AMD FX 8320e 8 core CPU Review
When AMD first released CPUs for their AM3+ platform we at OC3D were not overly impressed, behind the hype of AMD's "Bulldozer" architecture was some very power hungry, hot running and under-performing CPUs. When AMD's second generation of FX CPUs, Piledriver, was released AMD had lessened a lot of these issues, but many of those flaws still remained.
Now over 2 years later AMD has released new CPUs in the form of the FX 83x0e series which again addresses the issue of power consumption and thermal performance, but without any real changes made to the CPU itself. The FX 8320e has the same AMD Piledriver CPU cores/modules as the original FX 8320 but performs very similarly (slightly lower performance) while consuming a lot less power under full load. Simply put the change from a power consumption of 188w under OCCT to 144w is exceptionally impressive, especially given how similar the CPUs otherwise are. AMD has not even used die shrinks or even a change in CPU architecture to achieve this, which makes us at OC3D have high hopes for AMD's future CPUs when they finally move to a smaller process node and a new CPU architecture.
The one thing that niggles me about this CPU is the fact that it gives you very similar performance to the FX 8320 CPU, which we have to remember is a CPU which was released 2 years ago and that the overclocks we achieved on this CPU are no different than what we would otherwise expect from an AMD FX Piledriver CPU (which also essentially throws all the work AMD has done to lower the power consumption of the CPU out the window).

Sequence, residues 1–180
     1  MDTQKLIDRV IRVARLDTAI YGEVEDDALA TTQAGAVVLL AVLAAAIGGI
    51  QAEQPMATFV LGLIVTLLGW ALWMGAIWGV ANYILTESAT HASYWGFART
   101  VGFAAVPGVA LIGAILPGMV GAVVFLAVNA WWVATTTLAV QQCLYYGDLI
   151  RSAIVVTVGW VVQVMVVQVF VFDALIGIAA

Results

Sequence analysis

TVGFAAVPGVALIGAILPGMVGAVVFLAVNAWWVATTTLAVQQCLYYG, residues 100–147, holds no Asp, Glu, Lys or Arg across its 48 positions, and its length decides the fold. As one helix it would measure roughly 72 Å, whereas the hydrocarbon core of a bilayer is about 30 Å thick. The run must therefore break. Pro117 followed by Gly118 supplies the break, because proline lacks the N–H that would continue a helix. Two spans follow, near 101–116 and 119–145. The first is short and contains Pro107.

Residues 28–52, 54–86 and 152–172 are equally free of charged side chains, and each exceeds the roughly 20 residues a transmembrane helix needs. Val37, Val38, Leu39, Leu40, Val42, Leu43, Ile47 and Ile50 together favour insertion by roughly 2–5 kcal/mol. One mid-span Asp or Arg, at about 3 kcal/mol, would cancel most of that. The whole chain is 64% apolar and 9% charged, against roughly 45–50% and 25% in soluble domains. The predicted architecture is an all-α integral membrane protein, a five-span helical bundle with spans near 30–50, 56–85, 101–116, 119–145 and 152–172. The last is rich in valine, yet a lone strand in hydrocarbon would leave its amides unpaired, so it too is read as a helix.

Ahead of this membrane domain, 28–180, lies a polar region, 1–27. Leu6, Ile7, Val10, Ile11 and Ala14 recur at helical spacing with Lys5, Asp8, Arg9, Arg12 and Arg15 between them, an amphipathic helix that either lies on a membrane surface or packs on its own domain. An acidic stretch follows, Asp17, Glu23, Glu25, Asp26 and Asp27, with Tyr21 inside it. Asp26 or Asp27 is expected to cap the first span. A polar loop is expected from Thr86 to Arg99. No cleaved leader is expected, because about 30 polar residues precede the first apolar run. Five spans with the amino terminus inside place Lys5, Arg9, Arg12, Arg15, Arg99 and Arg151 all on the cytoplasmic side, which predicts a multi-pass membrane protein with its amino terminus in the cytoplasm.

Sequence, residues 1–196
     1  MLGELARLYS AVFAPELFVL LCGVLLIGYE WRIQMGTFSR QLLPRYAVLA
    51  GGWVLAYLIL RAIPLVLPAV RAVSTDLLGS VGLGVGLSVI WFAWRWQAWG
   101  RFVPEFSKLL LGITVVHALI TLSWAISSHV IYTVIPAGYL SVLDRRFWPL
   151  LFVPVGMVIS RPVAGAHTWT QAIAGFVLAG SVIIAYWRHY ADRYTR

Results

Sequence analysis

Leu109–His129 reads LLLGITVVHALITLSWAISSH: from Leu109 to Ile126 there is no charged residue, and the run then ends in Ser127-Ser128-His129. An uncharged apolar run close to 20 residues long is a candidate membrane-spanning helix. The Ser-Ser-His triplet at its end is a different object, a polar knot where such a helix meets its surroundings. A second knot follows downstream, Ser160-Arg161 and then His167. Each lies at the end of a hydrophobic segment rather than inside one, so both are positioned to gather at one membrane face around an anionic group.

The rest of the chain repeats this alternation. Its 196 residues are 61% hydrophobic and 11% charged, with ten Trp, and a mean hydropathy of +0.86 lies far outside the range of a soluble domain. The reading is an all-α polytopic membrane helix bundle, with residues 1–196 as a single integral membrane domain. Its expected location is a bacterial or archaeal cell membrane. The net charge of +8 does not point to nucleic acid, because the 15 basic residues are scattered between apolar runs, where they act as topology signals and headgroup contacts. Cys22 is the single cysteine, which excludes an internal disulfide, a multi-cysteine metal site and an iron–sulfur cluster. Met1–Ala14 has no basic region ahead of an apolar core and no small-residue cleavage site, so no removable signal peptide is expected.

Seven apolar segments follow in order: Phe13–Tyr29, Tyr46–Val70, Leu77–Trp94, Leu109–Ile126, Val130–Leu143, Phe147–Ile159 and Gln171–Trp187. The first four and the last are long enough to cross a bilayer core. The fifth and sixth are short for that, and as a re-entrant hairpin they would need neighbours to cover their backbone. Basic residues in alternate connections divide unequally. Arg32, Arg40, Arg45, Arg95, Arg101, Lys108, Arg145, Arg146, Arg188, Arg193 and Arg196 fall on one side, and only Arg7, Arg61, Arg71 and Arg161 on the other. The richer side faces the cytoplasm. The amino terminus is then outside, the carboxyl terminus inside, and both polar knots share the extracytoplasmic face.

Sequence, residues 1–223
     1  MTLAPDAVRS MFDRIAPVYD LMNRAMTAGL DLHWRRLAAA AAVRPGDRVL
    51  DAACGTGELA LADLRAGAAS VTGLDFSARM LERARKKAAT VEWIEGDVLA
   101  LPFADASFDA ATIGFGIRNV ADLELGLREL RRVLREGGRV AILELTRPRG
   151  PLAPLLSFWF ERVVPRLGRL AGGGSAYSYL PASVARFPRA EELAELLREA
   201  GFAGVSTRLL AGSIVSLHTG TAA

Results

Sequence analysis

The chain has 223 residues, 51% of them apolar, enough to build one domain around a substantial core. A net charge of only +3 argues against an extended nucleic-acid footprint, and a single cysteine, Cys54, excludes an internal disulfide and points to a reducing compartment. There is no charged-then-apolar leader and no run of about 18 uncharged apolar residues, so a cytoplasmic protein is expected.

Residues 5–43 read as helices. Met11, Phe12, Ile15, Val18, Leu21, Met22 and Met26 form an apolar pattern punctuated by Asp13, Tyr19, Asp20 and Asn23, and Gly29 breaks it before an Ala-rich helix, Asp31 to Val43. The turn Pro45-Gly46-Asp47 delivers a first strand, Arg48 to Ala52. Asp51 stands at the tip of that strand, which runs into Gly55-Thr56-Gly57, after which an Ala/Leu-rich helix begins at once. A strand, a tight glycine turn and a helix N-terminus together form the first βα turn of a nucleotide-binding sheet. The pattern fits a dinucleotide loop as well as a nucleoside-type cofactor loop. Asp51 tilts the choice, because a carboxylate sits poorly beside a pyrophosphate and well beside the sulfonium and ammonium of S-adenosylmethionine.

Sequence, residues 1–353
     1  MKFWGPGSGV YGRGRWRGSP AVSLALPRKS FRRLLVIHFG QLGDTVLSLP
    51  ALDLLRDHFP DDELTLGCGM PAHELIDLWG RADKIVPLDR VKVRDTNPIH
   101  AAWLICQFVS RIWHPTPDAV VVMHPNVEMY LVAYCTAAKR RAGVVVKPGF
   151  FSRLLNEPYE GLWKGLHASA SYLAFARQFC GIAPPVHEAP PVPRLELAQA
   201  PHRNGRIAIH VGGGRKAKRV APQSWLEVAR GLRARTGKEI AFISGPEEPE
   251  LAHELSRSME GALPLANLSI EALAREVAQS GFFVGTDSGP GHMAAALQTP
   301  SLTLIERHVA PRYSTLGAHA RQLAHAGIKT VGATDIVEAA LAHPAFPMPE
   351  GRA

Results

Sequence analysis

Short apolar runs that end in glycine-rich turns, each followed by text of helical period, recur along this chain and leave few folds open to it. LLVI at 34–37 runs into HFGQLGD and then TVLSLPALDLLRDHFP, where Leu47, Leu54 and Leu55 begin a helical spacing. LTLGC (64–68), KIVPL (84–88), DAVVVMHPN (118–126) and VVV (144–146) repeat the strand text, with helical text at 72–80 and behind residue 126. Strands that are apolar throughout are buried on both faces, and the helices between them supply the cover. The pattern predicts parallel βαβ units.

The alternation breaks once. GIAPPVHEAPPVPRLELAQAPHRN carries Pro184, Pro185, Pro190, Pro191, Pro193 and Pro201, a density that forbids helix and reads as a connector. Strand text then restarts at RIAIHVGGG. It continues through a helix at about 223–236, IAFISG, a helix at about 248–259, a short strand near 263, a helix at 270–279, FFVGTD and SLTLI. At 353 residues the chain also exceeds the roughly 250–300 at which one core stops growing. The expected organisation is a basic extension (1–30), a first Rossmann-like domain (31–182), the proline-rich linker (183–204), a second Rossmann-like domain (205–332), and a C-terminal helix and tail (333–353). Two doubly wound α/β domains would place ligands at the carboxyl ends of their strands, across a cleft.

Right now the AMD FX 8320e CPU is AMD's most affordable 8 core CPU to date with a price of £109.99 at overclockers uk, which could be very tempting upgrade for those already on the AM3+ platform or users who want to use the raw power of an 8 core CPU at a price where Intel's only equivalent is a mid-level locked Dual core i3 CPU. Simply put this CPU offers an amazing price to performance ratio.
This CPU does produce some great results for the price, but we must remember that Intel is still not beaten in terms of power consumption per unit of performance, but their CPUs are using an architecture over a year newer and are using a 22nm process compared to AMD's older 32nm process.
This CPU at stock has shown a significant drop in power consumption compared to it's older model and offers a lot of performance for the price, especially if you overclock, for this reason I will be awarding this CPU the OC3D Value For Money Award.
You can discuss the AMD FX 8320e CPU on the OC3d Forums.